The other day I read a post by a popular online learning provider about encouraging learner participation. Whilst this article had a few good points, it also had a few points I disagreed with, so much so that it has inspired me to write my next blog!
The article talked about the importance of participation in the training room, and I absolutely agree that the learners who participate will get the most out of the session. This is a standard that I cover in my introductions at the start of any facilitation work I conduct and something that is encouraged throughout the session.
The part that I disagree with is their inference that anyone who has been training for a while can tell which learners are going to do well and which ones are going to struggle based on their participation levels. I don't believe that participation levels can fully predict how likely they are to apply the learning and succeed.
I have facilitated countless sessions over the years and I have found that the learners who participate, volunteer for activities, love getting involved in role-plays and acting out scenarios and control discussions are the ones who tend to sit in the Activist or Pragmatist learning styles by Honey and Mumford. On the other hand, the ones who are more reserved, quieter and don't participate as much tend to sit in the Reflector or Theorist styles.
Reflector & Theorist Learners:
Reflectors and Theorists learn by listening, thinking and reflecting on what they have learnt. It won't be until later in the day or week that they will fully process what they have learnt and then begin applying it. Time and time again I have heard this from my learners. They come back to me a couple of weeks later and tell me how they have applied the learning.
This is not to say that they don't participate at all, or that they won't. It is just that it is not their natural style. They can do it, but they will likely feel put out of their normal comfort zone.
I remember one particular Reflector I had in a Leadership session who I saw a year after the session. She very happily told me that over the previous year she had implemented the time management strategies we had discussed and she ended up saving herself 2 hours of time a day. To me that is the definition of success.
Activist & Pragmatist Learners:
Activists and Pragmatists learn by doing and having a hands on approach. They tend to throw themselves into any practical situation as this is the way that they learn best. This can mean that they are more likely to instantly get a particular point that we may be covering as they are actively involved in the learning.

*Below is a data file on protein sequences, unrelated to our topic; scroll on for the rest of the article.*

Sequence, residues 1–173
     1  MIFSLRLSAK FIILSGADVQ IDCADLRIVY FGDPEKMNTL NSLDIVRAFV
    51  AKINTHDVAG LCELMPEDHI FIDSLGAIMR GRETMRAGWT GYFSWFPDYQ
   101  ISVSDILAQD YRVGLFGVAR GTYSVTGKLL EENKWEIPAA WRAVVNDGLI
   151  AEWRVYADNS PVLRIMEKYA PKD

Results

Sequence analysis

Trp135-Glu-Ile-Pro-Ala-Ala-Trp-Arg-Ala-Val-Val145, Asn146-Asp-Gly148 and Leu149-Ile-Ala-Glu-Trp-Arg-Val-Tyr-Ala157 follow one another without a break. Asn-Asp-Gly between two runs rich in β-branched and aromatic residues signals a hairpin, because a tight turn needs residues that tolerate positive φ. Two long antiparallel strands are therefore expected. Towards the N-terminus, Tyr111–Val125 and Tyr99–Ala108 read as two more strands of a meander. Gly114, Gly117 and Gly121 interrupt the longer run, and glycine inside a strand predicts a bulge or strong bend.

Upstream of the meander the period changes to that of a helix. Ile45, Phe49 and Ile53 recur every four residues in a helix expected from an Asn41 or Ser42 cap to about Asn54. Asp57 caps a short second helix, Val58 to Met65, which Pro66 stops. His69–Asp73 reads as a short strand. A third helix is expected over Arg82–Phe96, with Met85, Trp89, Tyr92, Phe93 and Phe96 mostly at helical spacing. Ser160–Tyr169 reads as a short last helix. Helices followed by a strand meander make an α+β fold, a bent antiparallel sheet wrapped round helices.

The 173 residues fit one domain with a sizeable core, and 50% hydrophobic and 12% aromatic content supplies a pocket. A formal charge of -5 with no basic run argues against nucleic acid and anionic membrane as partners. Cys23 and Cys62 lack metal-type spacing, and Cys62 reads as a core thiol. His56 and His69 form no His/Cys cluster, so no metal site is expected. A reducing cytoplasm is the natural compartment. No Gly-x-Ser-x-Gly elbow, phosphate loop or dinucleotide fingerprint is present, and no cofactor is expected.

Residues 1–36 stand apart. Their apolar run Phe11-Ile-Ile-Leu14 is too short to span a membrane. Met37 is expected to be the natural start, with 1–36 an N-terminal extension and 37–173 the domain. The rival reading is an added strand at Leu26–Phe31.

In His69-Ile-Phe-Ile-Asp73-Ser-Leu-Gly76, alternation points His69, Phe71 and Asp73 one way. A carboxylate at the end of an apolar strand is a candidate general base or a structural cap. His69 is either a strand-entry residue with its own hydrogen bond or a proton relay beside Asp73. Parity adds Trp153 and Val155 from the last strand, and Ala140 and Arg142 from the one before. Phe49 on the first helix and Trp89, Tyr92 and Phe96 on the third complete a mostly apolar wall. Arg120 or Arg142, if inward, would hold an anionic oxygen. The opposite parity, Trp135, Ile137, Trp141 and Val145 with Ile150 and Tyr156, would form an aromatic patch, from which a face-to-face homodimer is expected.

This can also have a downside being that these learners are easily bored and distracted by the next big shiny idea. Rather than taking the time to think through how they might apply what they have learnt, they are already onto the next idea.
Some of the most engaged learners I have had are Reflectors and Theorists. You can see them nodding, making notes, processing the information and excelling in small group activities.
I think too often we as trainers look at the learners who are participating and judge the success of the training on this.
I believe that we need to look at how we facilitate sessions and conduct assessments to ensure that it caters for all styles. To ensure that learners succeed, we can do the following:
Seek feedback from the learners as to their personal objectives for completing the training and what they hope to get out of the session;
Ensure that learners know that it is a safe environment;
Encourage learning from each other through the use of group activities and discussions that involve all learners;
Support learners throughout the learning process;
Make the learning process experiential so that learners are actively involved in the learning;
Actively promote participation;
Give appropriate, encouraging and supportive feedback after activities;
Debrief after each activity to tie everything together and draw the links for learners. Some learners may have already worked these out, but others won't understand why they just completed a certain activity. By drawing it all together, recapping the main points and showing the links you are consolidating the learning for them;
Make yourself available during breaks and after the session for any questions;
Make the training relevant and practical but also fun and engaging; and
If all else fails - I've found bribing them with chocolate also works :o)
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